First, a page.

Although there are zillions of books on the market debating the question of child care and education, new reports show that some moms hear surprisingly little from doctors when it comes to essential aspects related to the baby’s health and safety. Doctors usually fail to provide enough information to young mothers, ignoring fundamental aspects which could be extremely helpful for a natural and well understood childcare management.
A new study, recently published in the journal Pediatrics, shows that moms indeed get more advice from doctors and nurses, compared to the levels of information they receive from family members and media on aspects related to vaccination, pacifier use, breastfeeding and sleep safety. However, a nationally representative survey performed on more than 1000 young mothers shows that 75% of them have heard too little from doctors about pacifier use. More than 50% of the surveyed women declared they heard nothing about the best places where babies should sleep. Could it be that is healthier for a baby to sleep in his or her own crib or in his or her parent’s bed?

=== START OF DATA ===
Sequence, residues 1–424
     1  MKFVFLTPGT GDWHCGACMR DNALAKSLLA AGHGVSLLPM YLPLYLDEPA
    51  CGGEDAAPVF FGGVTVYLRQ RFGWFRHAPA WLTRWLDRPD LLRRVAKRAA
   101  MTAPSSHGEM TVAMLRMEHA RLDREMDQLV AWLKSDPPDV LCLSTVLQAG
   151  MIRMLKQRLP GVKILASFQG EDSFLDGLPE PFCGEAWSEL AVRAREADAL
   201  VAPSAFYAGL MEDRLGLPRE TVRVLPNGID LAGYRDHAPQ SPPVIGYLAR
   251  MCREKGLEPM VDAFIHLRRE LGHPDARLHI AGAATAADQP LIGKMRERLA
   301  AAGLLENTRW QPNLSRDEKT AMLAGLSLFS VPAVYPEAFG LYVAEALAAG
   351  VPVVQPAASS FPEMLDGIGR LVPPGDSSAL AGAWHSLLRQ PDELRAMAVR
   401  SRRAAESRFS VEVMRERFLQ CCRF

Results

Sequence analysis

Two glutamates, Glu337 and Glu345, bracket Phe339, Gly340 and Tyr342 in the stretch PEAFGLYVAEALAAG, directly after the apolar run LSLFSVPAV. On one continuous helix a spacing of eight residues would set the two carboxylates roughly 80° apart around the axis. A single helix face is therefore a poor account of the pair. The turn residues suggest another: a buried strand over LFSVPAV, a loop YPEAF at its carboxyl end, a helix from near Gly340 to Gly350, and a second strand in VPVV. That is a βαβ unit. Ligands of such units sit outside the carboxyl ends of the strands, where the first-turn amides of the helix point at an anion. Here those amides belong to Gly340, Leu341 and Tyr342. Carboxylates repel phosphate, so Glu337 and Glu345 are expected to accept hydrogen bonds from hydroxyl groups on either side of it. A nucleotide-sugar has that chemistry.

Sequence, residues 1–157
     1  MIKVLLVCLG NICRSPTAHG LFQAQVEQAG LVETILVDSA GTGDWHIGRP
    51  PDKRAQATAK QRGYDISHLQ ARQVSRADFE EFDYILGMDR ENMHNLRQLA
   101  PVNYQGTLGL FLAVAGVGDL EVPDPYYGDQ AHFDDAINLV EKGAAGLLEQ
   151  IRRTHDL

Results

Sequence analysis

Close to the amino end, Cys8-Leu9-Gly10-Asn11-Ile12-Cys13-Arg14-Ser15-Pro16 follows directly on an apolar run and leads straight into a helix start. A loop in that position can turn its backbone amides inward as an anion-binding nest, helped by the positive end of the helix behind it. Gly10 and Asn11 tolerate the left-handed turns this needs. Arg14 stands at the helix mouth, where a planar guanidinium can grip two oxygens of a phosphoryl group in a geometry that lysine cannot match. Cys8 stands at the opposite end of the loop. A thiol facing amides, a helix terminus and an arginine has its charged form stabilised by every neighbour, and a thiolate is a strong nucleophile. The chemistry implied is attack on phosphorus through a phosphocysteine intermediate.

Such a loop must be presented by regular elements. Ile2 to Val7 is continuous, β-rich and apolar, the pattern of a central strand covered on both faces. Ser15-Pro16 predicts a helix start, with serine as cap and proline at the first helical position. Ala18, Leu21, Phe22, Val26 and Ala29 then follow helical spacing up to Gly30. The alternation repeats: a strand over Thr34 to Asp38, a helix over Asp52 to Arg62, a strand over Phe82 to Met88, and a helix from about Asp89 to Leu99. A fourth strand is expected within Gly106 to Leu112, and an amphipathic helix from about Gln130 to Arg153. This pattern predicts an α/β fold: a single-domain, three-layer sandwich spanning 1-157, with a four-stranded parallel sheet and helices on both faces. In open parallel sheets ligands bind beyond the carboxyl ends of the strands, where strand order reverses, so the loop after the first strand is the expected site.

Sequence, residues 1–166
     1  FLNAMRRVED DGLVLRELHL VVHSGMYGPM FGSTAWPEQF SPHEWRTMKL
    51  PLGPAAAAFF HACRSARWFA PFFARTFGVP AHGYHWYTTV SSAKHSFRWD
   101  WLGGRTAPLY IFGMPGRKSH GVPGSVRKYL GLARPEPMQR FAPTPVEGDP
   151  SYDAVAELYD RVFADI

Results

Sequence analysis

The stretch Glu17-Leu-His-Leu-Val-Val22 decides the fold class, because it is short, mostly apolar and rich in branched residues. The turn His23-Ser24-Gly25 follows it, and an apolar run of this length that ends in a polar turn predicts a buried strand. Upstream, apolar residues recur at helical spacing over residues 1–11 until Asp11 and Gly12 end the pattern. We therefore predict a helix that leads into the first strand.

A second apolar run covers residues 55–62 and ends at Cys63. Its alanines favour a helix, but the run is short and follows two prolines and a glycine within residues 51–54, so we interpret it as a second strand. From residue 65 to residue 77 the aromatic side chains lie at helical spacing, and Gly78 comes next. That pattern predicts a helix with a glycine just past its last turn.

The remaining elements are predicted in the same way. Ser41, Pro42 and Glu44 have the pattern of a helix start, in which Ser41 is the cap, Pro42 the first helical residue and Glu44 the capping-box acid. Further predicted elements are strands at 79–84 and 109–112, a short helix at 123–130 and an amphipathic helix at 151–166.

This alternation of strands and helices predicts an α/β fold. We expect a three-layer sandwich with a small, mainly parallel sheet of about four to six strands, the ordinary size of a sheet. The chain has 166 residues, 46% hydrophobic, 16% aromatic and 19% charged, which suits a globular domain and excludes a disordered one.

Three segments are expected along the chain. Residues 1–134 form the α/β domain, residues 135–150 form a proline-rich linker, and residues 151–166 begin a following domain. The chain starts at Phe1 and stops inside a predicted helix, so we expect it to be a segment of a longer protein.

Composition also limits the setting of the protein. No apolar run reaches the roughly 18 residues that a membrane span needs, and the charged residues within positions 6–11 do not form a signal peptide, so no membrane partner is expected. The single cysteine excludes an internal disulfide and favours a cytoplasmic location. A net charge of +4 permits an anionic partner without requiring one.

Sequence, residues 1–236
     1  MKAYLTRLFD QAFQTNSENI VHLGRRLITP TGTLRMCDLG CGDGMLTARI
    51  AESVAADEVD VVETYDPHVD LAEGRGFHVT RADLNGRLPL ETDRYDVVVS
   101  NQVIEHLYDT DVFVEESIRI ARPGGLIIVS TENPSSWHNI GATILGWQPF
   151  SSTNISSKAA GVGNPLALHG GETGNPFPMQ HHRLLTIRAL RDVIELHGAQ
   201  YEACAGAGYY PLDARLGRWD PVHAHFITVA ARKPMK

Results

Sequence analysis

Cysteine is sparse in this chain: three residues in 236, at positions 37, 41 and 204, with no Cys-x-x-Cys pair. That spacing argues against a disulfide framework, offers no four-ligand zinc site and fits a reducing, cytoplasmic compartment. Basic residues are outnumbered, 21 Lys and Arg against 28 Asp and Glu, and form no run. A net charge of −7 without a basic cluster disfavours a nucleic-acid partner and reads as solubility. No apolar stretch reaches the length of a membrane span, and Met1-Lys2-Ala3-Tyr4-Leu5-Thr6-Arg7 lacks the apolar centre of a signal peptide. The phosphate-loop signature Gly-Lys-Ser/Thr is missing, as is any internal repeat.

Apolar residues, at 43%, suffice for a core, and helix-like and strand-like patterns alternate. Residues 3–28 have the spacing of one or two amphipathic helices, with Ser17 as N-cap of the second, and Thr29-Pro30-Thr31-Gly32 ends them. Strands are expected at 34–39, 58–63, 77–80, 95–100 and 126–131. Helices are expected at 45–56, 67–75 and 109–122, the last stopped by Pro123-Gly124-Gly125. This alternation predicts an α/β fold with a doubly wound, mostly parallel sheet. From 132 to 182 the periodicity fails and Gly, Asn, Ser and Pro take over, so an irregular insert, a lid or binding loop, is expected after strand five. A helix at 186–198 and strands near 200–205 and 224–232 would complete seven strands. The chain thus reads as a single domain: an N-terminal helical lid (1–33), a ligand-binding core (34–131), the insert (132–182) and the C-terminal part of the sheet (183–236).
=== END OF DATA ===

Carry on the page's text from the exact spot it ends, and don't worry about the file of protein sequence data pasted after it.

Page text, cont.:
When becoming a mother, advice is extremely important. Of course there are tens of thousands of data bases that could provide extremely large amounts of information but no information is more precious than the one received by the ones who are close to us. They know who we are and they can target their advice on our particular situation. In cases of young moms, doctors know best about both their health and their baby’s education and needs.
According to the recent study, 20% of moms reported that they did not receive any piece of advice whatsoever, related to breastfeeding or the way babies should be positioned for a goodnight sleep. Furthermore, 11% of the surveyed women said doctors offered no advice on vaccinations.
As paradoxical as it sounds, new moms don’t get enough advice on baby care. They can go to libraries instead and read giant amounts of information on childcare although it doesn’t equal the value of an advice coming from someone close.
The recent study was conducted by a team of researchers from Boston Medical Center, Yale University in New Haven and Boston University. An important nuance of the study is that African American and Hispanic women are more likely to get advice, compared to white women. Also, first time mothers are more likely to get advice, compared to women who are on the second or third child.
Image Source: crossfitimpulse.com